• QA team vs Dev vs Customer support blame games, leading to increased bug fix turnaround
  • Decreased morale in the developer team due to belief the system is rigged against their productivity
  • Decreased confidence QA team is doing it’s job correctly and that quality checks are meaningful

Secrets only known in production

Generally, the mismatch of secrets in developer and release builds does not result in issues although I had the misfortune of having a situation where it impacted me: In development, it is normal for security systems to be disabled. Unfortunately in production, the addition of an actual key to some bootloader security internals led to a buffer overflow that was very luckily detected on time. My changes were in a completely unrelated part so I did not even know I would trigger it.

Divergent behavior at run time

The following is not necessarily Yocto specific and is valid for software engineering in general.

Normal bugs visible only at release

Often it is hard to know if a given behavior seen for the first time in a production release is due to the different configurations used for release, or if it is just bad luck it became evident in the release. The following lessons I learned:

  • A bug’s manifestation is not the end. Fixing the bug is.
  • The identification of the bug often starts with analyzing the manifestation which can be made difficult by the lack of knowledge of what triggers the bug. This is where development/release mismatch adds another layer of uncertainty and effort.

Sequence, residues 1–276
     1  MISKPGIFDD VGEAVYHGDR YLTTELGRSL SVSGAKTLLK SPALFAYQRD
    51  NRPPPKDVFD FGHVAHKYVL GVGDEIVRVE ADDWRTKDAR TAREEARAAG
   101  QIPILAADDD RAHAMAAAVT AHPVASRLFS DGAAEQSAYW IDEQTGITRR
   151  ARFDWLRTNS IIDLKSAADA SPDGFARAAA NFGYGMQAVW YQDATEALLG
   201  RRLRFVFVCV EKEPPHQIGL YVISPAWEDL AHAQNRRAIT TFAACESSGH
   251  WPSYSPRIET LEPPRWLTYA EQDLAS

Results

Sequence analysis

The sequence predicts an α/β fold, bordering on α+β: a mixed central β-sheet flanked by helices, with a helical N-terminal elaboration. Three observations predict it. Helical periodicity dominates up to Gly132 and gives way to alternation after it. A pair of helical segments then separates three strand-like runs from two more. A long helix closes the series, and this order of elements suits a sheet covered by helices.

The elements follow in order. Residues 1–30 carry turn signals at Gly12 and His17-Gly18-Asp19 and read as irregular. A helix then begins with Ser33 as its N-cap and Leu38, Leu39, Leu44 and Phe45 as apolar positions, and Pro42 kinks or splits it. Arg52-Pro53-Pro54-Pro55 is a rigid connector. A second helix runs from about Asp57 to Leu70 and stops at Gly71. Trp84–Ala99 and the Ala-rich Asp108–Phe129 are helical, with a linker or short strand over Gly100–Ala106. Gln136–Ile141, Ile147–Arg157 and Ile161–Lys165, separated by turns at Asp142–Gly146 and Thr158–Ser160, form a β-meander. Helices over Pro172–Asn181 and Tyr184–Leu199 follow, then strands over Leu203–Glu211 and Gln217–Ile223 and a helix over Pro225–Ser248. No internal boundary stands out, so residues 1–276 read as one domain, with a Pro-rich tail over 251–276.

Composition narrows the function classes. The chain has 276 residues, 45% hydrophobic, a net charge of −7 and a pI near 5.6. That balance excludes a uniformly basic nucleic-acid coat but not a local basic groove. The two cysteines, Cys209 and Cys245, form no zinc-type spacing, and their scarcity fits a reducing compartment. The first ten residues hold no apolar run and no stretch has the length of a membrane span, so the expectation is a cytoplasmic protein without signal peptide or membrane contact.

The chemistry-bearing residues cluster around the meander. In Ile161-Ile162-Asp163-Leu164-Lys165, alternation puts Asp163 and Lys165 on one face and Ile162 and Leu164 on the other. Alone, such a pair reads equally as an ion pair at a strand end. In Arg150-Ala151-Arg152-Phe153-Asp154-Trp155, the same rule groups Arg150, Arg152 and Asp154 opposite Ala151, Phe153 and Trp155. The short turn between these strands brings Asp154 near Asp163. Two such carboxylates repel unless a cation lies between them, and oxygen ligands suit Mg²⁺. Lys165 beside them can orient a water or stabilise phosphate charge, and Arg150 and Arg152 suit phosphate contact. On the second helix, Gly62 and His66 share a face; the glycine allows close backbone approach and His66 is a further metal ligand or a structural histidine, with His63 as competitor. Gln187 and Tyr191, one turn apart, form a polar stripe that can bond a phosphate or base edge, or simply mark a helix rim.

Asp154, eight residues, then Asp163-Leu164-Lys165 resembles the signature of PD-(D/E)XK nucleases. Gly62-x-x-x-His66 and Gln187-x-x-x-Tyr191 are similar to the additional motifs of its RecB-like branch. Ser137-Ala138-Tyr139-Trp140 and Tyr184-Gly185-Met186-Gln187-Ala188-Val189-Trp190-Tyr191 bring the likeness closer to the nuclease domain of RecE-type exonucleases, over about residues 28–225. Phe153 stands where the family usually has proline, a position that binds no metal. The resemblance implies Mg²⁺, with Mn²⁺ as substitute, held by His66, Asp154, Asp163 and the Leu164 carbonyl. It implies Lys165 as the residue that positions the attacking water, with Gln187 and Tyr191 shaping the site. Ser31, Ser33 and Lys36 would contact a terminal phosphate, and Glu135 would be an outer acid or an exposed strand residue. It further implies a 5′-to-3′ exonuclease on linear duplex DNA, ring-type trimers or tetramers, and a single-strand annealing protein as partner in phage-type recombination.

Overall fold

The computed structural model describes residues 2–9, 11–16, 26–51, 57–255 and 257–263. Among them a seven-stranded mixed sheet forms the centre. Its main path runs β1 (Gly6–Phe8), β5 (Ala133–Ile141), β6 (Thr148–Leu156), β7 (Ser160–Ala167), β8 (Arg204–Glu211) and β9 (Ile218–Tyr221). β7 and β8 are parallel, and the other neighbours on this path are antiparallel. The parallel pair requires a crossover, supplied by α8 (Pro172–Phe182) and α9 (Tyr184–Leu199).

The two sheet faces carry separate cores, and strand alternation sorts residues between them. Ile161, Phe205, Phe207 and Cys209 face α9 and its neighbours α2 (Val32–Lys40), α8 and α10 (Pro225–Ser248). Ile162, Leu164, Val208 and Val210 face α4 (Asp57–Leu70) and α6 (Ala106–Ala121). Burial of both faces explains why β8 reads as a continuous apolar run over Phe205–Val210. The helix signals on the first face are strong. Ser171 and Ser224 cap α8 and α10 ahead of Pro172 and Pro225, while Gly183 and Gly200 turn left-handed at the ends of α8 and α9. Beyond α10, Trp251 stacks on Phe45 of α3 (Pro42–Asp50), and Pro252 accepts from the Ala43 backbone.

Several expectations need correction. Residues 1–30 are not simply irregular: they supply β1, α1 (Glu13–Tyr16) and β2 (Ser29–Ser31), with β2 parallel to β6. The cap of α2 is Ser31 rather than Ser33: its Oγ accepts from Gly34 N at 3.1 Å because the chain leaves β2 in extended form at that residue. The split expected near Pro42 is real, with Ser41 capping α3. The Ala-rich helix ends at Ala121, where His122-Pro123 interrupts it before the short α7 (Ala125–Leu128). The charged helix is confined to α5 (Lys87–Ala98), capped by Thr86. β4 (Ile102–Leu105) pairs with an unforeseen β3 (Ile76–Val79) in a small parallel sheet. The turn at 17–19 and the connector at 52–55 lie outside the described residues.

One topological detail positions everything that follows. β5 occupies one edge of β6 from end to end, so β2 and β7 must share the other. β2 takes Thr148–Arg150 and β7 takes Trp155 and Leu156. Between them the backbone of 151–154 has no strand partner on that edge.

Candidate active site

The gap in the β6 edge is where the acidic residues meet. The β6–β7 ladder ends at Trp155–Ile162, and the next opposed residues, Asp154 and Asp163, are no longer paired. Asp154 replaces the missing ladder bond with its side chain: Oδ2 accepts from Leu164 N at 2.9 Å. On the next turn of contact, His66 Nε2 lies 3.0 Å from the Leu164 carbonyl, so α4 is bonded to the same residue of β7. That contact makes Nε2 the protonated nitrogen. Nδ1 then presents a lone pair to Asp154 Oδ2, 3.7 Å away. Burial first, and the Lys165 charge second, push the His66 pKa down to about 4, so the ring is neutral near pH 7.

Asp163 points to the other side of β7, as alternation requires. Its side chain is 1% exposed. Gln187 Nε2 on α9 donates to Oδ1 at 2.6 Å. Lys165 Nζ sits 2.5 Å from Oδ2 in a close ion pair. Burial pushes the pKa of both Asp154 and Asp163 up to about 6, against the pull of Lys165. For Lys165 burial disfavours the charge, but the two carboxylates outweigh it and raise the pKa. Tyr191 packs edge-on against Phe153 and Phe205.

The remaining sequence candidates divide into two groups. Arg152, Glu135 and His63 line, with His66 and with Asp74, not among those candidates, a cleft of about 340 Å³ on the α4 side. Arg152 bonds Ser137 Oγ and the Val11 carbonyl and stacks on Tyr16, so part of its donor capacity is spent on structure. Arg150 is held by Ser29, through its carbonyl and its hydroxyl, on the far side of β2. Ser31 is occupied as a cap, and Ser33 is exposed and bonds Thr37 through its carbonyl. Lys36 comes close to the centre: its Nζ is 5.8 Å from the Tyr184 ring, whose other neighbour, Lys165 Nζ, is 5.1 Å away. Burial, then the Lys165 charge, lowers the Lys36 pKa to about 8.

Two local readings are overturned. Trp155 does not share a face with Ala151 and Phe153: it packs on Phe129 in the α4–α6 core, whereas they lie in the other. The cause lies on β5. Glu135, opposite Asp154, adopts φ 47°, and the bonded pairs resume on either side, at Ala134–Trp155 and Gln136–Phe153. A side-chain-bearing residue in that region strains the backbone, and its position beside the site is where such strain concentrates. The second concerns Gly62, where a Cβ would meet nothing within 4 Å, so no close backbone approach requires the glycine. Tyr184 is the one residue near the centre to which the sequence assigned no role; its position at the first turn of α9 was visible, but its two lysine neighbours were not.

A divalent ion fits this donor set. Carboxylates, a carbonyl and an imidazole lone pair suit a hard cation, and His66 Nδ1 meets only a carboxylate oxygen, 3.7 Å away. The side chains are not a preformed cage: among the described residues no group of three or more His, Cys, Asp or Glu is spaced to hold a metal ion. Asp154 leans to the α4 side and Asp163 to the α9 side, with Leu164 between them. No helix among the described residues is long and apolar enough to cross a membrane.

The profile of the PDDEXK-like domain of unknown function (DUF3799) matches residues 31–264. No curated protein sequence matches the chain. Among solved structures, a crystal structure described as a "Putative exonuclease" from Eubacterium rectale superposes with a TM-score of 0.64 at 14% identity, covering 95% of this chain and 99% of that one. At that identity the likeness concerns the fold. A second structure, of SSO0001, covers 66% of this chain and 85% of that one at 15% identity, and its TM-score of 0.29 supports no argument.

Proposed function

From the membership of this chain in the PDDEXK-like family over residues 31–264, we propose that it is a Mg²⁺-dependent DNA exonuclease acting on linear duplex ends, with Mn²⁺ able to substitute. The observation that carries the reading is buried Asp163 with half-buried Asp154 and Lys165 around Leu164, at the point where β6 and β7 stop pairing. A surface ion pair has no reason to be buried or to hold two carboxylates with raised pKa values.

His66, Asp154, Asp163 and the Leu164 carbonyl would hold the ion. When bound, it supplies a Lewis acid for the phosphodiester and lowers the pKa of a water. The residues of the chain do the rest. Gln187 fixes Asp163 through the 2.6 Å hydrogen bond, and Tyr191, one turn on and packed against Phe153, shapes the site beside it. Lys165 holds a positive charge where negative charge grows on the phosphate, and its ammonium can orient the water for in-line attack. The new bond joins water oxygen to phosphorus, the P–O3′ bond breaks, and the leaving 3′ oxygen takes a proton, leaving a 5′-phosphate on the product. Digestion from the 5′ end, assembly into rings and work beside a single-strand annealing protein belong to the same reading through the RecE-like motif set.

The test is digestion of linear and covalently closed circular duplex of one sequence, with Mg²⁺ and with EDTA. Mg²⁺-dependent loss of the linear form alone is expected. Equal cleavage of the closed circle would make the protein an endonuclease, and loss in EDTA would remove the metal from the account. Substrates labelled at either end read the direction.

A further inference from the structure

Incorrect verification/test steps

This one, highlights the old “who tests the tests?” question. My experience is no one, unless:

  • They fail to catch a bug
  • They fail when they should succeed
  • They fail in the release verification flow and succeed in the developer’s flow. The contrary is also true.

I am going to only write about the last point where a flow mismatch leads to different test and verification outcomes.

There should be a single command where all the setup, building, and testing is done owning the solutions to all mismatches between developer and release/CI. This has 2 reasons:

  • A single command means there is a technically enforced agreement and connection between release owners and developers.
  • There is only one way to run verification.

In the real world, it happens that a whole verification flow would be too time-consuming for developers but this fact is already providing insights and venues for improvement:

  • The single verification command logic could be smart enough to detect what tests are required. For example there is no need to build any software if only the testing repository changed
  • Logical steps of the whole verification flows are visible both on the CI dashboard as well as callable locally.
  • A tool where the whole organization can give feedback:
    • The release team giving feedback on verification gaps or reliability
    • The developer team giving feedback on improved modularization

Final notes

This topic became quite bigger than initially intended. It was also a much broader topic than what I wanted to write about, so if something is confusing or you have suggestions let me know as I would like to improve.

Also, my experience is mostly in embedded-devices but I have a feeling that most of it is relevant to other areas of software engineering. It was also not easy to write as it collects many disconnected experiences I had over my career and projects.

Leave a Reply

Fill in your details below or click an icon to log in:

WordPress.com Logo

You are commenting using your WordPress.com account. Log Out /  Change )

Google photo

You are commenting using your Google account. Log Out /  Change )

Twitter picture

You are commenting using your Twitter account. Log Out /  Change )

Facebook photo

You are commenting using your Facebook account. Log Out /  Change )

Connecting to %s